Editor’s Note: This sponsored column is written by Mathew B. Tully of Tully Rinckey PLLC, an Arlington firm that specializes in federal employment and labor law, security clearance proceedings, and military law.
Q. My employer refuses to pay me overtime, claiming I’m an independent contractor. But I’m not. I’ve been working for this company for years. What can I do?
A. Employers often try to dodge responsibility for paying workers overtime by classifying them as independent contractors rather than employees. The Fair Labor Standards Act (FLSA) requires employers to pay employees overtime for hours worked exceeding 40 hours per week.
Independent contractors can provide services to a business, just as employees do. But independent contractors are self-employed rather than employed by the business they serve. Of course, differentiating an independent contractor from an employee can be quite difficult. It is even possible for some independent contractors to become employees over time if their relationship with the contracting business changes.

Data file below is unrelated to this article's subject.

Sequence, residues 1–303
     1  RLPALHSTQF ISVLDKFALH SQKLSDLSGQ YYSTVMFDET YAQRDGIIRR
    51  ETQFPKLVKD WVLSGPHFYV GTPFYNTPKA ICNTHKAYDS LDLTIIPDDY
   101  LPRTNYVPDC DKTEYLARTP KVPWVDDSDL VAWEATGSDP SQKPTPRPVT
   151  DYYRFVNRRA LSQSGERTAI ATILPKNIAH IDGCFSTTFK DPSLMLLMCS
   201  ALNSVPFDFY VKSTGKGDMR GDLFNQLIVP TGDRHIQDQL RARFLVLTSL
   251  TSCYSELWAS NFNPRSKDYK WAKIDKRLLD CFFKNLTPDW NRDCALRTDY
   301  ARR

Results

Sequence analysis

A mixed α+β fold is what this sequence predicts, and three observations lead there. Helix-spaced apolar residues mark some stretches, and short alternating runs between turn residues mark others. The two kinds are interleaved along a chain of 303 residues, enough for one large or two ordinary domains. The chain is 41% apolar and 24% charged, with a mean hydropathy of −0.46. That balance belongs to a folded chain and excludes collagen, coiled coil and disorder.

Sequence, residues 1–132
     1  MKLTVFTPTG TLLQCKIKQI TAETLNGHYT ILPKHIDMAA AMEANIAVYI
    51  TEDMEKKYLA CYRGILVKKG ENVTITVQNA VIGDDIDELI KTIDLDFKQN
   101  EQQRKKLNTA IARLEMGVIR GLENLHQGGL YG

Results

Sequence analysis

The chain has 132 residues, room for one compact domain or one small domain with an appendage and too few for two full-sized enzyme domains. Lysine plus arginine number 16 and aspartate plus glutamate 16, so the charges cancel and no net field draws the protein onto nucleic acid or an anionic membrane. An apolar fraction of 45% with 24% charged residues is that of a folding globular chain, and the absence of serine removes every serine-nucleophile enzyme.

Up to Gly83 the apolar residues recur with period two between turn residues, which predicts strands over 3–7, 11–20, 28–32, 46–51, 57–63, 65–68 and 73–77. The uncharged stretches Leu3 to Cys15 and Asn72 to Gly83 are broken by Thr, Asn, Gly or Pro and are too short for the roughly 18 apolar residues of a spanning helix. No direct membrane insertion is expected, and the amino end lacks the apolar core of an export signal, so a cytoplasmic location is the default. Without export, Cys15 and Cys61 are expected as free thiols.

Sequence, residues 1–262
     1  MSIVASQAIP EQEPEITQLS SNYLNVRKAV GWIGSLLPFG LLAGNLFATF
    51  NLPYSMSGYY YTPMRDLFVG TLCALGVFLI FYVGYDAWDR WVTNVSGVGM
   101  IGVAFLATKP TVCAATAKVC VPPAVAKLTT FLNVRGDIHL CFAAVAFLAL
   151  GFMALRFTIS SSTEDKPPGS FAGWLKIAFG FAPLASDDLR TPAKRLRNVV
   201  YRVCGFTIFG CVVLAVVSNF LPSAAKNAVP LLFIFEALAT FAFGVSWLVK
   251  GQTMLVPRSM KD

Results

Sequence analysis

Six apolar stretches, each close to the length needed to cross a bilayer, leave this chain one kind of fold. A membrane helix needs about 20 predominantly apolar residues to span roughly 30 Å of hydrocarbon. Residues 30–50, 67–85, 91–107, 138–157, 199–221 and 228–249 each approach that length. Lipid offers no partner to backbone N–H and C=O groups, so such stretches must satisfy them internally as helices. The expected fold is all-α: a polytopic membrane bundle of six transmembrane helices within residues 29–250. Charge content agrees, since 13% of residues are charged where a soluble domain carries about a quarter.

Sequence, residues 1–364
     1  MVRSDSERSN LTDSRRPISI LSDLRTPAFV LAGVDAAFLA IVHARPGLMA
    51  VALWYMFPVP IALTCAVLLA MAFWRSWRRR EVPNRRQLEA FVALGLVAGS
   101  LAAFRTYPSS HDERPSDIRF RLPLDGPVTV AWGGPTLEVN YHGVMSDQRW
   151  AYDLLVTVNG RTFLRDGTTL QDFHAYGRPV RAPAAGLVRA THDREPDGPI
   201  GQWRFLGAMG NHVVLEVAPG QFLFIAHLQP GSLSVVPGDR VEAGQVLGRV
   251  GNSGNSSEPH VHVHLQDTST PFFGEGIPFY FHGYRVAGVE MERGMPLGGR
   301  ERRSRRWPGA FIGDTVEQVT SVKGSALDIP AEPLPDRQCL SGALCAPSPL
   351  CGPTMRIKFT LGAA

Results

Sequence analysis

“In determining whether a worker is an employee covered by the FLSA, a court considers the ‘economic realities’ of the relationship between the worker and the putative employer,” the 4th U.S. Circuit Court of Appeals said in Schultz v. Capital Integration Security (2006).
To determine whether someone is an employee or independent contractor, courts will conduct what is known as a Silk test, which is named after a 1947 U.S. Supreme Court case. As the 4th Circuit explained in Schultz, this test consists of six factors:
- the company’s ability to control how work was performed;
- opportunities to reap profits or incur losses, depending on the worker’s managerial skill;
- the worker’s investment in equipment or hiring of other workers;
- skill requirements;
- whether the working relationship was temporal or long lasting; and
- “the degree to which the services rendered are an integral part of the putative employer’s business.”
After weighing these Silk factors, the U.S. District Court for the Eastern District of Virginia in Kennedy v. A Touch of Patience Shared Housing (2011) concluded the plaintiff, who had sued for unpaid minimum and overtime wages, was not an independent contractor as the defendant had claimed.
She actually qualified as an employee under the FLSA. The plaintiff performed a variety of services for a housing facility operator, including, cooking, serving meals, cleaning, and helping residents with household tasks, such as laundry and taking medication.